In 1896 Crane published a revised Maggie, and a companion piece, George's Mother. In September, investigating police corruption, he intervened to halt the arrest of a prostitute, Dora Clark. His court defence of her won much publicity, and the hostility of the New York police. It seemed prudent to take another Bacheller assignment, reporting impending American-Spanish conflict over Cuba. It was less prudent to sign on a ship, the Commodore, running guns to Cuban insurgents. When it sank off the Florida coast, Crane spent thirty nights in a drifting dinghy, leading to his most famous and perfect short story, 'The Open Boat' (1896). Less prudently still, Crane had fallen in love with Cora (Howorth) Taylor (1865–1910). Twice married, refused divorce by her British husband, Captain (later Sir) Donald William Stewart, she owned an upmarket brothel in Jacksonville, Florida, charmingly called the Hotel de Dream. In April 1897 they travelled to Greece to cover the Graeco-Turkish war, Cora writing as Imogene Carter, the first woman war correspondent. Returning in June, they chose to settle in Britain, where their liaison seemed less scandalous.
Crane and Cora rented Ravensbrook House, in Oxted, Surrey, and met Joseph Conrad, Ford Madox Hueffer, and Edward Garnett. Many American expatriate writers were settled in Britain, including Harold Frederic and Henry James; both became friends. 'Lean, blond, slow-speaking' said H. G. Wells, 'a rangy American who affected a western style and kept a six-gun' said Hueffer, Crane became figurehead of a remarkable literary scene: a ‘ring of conspirators’ conspiring to change and modernize literature, according to Wells. Heavily in debt, he wrote against the clock. In April 1898 he re-crossed the Atlantic to report the Spanish-American war, submitting forty reports from Cuba. He began Active Service (1899), about the Greek war, and the war-tales of Wounds in the Rain (1900). Back in England in January 1899, he rented the rambling, decaying, ancient manor of Brede Place, Northiam, near Rye, Sussex; James, Wells, Conrad, and Hueffer lived nearby. Living squirearchically, entertaining freely, he wrote furiously to stave off creditors: War is Kind (1899), poems; The Monster and other Stories (1899); Whilomville Stories (1900), based on his New Jersey childhood.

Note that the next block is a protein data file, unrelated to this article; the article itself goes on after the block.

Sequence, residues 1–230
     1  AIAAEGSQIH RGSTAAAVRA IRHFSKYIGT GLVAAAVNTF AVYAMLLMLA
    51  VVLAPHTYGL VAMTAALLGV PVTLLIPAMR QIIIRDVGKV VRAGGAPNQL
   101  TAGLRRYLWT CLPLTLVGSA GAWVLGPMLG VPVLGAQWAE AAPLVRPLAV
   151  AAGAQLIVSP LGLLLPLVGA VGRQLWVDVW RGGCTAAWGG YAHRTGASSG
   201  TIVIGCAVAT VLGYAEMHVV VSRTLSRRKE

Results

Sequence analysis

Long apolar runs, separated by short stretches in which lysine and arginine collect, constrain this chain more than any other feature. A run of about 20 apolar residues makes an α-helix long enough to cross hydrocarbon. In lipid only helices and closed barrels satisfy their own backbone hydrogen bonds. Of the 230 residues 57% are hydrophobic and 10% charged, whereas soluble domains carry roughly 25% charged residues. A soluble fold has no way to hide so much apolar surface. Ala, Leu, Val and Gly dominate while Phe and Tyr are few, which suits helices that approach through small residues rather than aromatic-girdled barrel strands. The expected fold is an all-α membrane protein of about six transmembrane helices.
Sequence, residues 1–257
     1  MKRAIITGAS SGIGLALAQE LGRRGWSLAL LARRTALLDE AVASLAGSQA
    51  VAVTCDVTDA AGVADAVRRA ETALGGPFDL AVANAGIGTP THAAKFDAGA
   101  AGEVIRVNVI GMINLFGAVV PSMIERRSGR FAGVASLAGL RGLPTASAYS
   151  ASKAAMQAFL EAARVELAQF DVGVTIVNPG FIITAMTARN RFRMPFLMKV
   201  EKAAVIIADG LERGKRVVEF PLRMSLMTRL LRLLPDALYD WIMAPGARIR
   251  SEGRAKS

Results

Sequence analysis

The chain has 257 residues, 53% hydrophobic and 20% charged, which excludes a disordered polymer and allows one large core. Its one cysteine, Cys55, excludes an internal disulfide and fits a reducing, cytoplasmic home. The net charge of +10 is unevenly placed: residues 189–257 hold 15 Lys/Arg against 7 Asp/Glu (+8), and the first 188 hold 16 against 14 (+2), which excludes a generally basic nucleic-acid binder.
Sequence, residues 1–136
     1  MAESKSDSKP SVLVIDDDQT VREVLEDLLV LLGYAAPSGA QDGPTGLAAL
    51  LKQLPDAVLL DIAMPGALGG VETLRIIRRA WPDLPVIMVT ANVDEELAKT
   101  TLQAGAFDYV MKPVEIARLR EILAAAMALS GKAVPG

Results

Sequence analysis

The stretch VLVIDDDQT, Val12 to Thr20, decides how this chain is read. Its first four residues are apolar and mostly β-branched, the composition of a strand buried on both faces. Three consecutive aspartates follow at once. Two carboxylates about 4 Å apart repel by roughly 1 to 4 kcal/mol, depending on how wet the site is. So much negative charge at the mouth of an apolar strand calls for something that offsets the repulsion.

At a Christmas 1899 performance of a ghost story attended by many literary friends, Crane fell ill; in April 1900 he haemorrhaged again and was shipped to a sanatorium in the Black Forest: the Villa Eberhardt, Badenweiler. Here, on 5 June, he died of tuberculosis, only twenty-eight, owing $5,000, Cora correcting proofs at his bedside. It was, said James, 'an unmitigated unredeemed catastrophe' (James, 145)—though, on the basis of The Red Badge, some superb short stories, and his fundamental originality of technique, Crane's powerful influence on modern British and American fiction long survived. His body was returned to London, then shipped home to the family plot in Hillside, New Jersey. Cora secured publication of Crane's posthumous work, opened another Florida brothel, married a railroad-man who subsequently murdered one of her admirers, and died in Britain in 1910.
- R. W. Stallman, Stephen Crane: a biography (1968)
- Stephen Crane: letters, ed. R. W. Stallman and L. Gilkes (1960)
- C. Benfey, The double life of Stephen Crane (1992)
- The works of Stephen Crane, ed. F. Bowers, 10 vols. (1969–76)
- E. Solomon, Stephen Crane in England: a portrait of the artist (1964)
- L. Gilkes, Cora Crane (1960)
- M. Seymour, A ring of conspirators: Henry James and his literary circles, 1895–1915 (1988)
- M. Bradbury, Dangerous pilgrimages: trans-Atlantic mythologies and the novel (1995)
- J. B. Colvert, ‘Stephen Crane’, American realists and naturalists, ed. D. Pizer and E. N. Harbert, DLitB, 12 (1982), 100–24
- S. Wertheim, A Stephen Crane encyclopedia (1997)
- Henry James: letters, ed. L. Edel, 4: 1895–1916 (1984)
- Col. U.
- Syracuse Library, New York
- NYPL, Berg collection
- University of Virginia, Charlottesville, Alderman Library, Waller Barrett collection
- C. Knapp Linson, photograph, 1894
- photographs, repro. in Pizer and Harbert, eds., American realists and naturalists
Wealth at Death
£160: probate, 7 July 1900, CGPLA Eng. & Wales
$5000 in debt